Lobbying campaigns and legislative battles have been underway for months as Congress tries to solve the problem of surprise billing, when patients face often exorbitant costs after they unknowingly receive care from an out-of-network doctor or hospital.
As Congress considers various plans and negotiates behind the scenes, data is trickling in from states that have been test-driving proposed solutions.
New York was among the first to tackle the issue. In 2015, it passed a surprise billing law that uses "baseball-style" arbitration as a way to settle payment disputes between insurance companies and doctors. Under this approach, which is used in Major League Baseball to negotiate salaries (hence the name), each party submits a proposed dollar amount to the arbiter, who then chooses one as the final monetary award.
According to an analysis of newly released data from New York's Department of Financial Services, the New York model is making health care substantially more expensive in the state. In fact arbiters are typically deciding on dollar amounts above the 80th percentile of typical costs.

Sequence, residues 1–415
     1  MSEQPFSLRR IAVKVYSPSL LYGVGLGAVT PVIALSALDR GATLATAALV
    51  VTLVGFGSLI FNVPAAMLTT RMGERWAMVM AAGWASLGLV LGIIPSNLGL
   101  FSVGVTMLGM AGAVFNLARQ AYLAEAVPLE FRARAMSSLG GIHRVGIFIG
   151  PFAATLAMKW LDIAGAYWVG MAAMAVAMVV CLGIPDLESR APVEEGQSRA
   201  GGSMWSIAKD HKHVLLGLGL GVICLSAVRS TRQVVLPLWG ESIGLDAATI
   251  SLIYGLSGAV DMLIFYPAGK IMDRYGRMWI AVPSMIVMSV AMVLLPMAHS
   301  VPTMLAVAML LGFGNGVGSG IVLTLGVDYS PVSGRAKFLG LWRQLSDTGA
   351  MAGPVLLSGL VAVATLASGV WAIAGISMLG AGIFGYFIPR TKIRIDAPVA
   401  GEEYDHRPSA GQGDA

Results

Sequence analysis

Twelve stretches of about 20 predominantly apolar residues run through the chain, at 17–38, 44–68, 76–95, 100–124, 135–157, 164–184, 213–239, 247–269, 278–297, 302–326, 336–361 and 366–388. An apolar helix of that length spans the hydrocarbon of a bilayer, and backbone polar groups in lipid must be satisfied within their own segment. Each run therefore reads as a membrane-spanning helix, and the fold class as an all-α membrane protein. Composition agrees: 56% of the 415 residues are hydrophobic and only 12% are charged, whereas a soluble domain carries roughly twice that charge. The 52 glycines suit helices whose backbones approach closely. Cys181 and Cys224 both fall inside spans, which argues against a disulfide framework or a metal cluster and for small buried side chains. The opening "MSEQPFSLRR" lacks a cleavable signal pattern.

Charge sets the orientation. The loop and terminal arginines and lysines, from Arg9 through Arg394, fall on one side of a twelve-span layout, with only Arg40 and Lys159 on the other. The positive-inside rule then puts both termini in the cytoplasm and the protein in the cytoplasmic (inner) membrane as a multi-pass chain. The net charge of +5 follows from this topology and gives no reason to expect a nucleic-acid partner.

"This is an extremely high and extremely inflationary rule of thumb," said Loren Adler, author of the analysis and associate director of the USC-Brookings Schaeffer Initiative for Health Policy.
New York's financial agency reported that the law has saved consumers $400 million, but Adler challenged the claim, saying the state's experience has shown limited relief for patients.
Arbitration, or as New York calls it "independent dispute resolution," or IDR, works like this: A patient gets into an accident and goes to a hospital in her insurance network. While there, she sees a physician -- perhaps an emergency room doctor or anesthesiologist -- who isn't covered by her insurance company.
The insurance company pays a small part of the bill, and the doctor sends the patient a bill for the rest (often called a balance bill). Under New York's law, the patient is held harmless, meaning they only have to pay as much of their deductible, copay or coinsurance as they would if the doctor were in network. If the insurance company and the physician can't agree on how much of the bill to pay, they can take the issue to IDR.
They each bring their "fair-price," "final bid" to the arbiter, who then decides between the two.
The problem, according to Adler, comes in the guidance the New York law gives arbiters. It says they should consider the 80th percentile of "billed charges."